Using the gun successfully takes some practice though, and Magnum Research provides a picture guide to help you save frustration. The Desert Eagle is not a gun you can just take out of the box and shoot properly. Many of the good habits you may have developed from shooting large revolvers don’t apply to the Desert Eagle, and you have to consciously change them or the Desert Eagle doesn’t work so good.
With a big, .44 Magnum revolver, like a Ruger Super Redhawk, (for a right handed shooter), you hold your left hand under the grip to apply two handed counter pressure to shoot the gun. When you shoot it, you allow the revolver to roll backwards with the recoil. If you do this with the Desert Eagle, the next round won’t lock up correctly and it will behave like a standard failure to feed correctly. Two things about this you have to consciously change.
First, you don’t put your left hand under the grip, or butt, of the gun. The Desert Eagle magazine is “floating” and needs to self position. It actually hangs out of the gun an 1/8″ or so on my test gun. If you hold your left hand under the magazine, pushing up, it exerts pressure on the bottom of the barrel and the slows down the action, absorbing some of the force needed to strip the next round and lock it up reliably. Put your left hand on the left side of the gun and around your right hand fingers on the front of the grip, the way you would grip a 1911.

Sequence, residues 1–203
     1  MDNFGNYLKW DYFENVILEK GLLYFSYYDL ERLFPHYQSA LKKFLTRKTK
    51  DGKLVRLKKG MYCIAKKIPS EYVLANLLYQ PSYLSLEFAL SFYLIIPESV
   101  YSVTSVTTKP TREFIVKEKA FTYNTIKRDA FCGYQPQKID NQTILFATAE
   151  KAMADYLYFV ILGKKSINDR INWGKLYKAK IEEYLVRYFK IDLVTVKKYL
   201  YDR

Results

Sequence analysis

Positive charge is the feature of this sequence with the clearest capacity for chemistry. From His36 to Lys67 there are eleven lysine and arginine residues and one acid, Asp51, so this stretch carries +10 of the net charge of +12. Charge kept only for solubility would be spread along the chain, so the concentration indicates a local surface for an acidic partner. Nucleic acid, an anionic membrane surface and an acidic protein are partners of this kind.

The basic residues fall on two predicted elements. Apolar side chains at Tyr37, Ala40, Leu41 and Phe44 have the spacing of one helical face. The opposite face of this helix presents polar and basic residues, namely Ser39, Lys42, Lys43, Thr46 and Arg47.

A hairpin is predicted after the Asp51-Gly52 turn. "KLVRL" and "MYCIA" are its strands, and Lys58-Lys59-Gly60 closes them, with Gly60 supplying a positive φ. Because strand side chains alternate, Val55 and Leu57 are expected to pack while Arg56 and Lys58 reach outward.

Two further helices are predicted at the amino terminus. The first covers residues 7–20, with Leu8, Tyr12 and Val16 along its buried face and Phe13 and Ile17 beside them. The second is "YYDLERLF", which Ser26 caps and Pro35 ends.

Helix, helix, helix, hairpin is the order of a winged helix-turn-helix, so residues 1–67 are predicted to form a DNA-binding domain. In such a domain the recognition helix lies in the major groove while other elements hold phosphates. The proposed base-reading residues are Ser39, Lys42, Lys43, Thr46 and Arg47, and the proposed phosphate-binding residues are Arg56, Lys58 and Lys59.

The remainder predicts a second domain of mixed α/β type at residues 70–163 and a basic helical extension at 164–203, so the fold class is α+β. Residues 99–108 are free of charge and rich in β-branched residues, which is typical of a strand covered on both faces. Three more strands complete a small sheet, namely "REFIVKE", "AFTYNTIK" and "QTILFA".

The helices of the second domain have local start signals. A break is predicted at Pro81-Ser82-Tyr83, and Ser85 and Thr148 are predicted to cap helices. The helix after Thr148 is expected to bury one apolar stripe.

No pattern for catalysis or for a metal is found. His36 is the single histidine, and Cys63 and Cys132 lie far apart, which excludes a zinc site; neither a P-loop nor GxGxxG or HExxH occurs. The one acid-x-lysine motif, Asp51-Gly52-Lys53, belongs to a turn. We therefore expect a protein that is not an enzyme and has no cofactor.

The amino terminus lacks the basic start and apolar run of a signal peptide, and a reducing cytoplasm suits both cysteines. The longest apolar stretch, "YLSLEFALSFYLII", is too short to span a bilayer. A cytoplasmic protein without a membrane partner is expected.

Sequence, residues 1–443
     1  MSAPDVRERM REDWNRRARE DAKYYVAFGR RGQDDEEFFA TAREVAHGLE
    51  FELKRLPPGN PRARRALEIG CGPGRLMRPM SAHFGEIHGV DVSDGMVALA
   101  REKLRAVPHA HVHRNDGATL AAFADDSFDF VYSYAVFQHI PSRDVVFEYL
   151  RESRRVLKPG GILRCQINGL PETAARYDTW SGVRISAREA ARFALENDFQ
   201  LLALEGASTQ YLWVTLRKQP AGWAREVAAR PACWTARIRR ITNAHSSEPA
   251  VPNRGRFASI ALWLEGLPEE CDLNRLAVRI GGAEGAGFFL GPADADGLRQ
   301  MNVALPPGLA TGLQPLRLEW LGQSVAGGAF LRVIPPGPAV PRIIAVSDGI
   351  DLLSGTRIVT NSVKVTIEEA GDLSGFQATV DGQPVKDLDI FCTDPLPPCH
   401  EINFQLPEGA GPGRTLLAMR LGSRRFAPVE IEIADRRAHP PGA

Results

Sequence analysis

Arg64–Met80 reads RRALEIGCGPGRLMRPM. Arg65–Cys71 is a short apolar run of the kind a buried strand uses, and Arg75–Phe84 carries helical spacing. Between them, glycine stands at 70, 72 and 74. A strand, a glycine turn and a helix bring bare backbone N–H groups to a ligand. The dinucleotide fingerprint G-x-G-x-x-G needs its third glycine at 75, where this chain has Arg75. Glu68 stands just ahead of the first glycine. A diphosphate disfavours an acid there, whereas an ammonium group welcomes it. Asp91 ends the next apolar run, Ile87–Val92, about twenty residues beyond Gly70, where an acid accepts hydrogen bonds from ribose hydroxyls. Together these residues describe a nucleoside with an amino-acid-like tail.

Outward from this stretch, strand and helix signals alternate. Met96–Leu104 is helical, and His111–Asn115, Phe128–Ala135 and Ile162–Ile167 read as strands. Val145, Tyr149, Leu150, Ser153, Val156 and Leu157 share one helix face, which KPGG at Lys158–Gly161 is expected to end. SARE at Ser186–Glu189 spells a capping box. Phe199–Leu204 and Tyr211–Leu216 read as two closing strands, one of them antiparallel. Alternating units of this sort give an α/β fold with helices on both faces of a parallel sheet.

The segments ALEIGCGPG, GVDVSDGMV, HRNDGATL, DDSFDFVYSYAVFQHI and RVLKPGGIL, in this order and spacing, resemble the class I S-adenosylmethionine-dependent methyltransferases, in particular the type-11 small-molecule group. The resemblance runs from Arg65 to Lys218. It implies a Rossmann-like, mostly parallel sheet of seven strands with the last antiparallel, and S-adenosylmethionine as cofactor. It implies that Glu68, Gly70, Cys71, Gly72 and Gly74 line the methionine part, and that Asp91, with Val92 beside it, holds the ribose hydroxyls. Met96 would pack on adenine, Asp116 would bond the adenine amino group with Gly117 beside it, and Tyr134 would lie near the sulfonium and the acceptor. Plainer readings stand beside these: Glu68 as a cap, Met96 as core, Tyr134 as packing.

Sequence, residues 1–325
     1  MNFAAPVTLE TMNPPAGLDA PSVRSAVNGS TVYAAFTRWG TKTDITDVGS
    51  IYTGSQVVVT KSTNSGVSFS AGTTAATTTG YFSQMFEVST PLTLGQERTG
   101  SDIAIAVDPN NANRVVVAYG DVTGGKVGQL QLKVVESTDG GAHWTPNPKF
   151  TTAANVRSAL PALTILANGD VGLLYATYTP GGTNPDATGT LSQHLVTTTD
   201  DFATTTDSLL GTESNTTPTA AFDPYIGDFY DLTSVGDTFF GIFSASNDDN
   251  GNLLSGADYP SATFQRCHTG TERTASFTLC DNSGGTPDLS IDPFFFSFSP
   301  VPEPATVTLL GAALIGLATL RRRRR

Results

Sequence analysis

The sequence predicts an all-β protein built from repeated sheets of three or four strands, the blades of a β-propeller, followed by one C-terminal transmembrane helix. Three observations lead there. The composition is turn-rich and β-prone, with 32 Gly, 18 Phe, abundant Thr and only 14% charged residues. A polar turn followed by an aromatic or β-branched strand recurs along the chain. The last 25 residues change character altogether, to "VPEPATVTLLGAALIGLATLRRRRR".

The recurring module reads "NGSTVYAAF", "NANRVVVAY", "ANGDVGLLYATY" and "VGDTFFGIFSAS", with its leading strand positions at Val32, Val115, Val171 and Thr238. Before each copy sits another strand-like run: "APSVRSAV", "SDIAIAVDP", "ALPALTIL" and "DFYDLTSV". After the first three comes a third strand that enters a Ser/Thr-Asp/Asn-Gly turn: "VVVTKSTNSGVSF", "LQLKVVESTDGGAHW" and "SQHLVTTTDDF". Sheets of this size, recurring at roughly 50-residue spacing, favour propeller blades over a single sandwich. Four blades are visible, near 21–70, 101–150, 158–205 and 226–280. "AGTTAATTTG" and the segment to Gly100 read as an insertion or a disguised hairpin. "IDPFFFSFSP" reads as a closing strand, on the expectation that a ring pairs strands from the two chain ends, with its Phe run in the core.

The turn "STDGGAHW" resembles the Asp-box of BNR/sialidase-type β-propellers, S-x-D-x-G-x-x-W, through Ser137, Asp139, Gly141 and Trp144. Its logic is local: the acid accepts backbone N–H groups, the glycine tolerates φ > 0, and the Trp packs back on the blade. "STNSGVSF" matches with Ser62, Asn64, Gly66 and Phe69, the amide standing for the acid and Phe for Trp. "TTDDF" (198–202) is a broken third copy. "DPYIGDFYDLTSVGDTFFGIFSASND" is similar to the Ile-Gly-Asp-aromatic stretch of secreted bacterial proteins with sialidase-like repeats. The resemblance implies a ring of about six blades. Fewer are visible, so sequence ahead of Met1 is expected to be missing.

You also don’t let the gun roll backwards with the recoil. Just the opposite in fact. The Desert Eagle prefers that you muscle the recoil down as much as possible. Any limp wristing or failure to absorb the recoil will, again, make the gun fail to correctly lock up. It isn’t that the gun is unreliable. It is just quirky and requires a lot of physical strength and size to work good. . A firm stance, a firm grip, muscling the recoil ,and the Desert Eagle works flawlessly.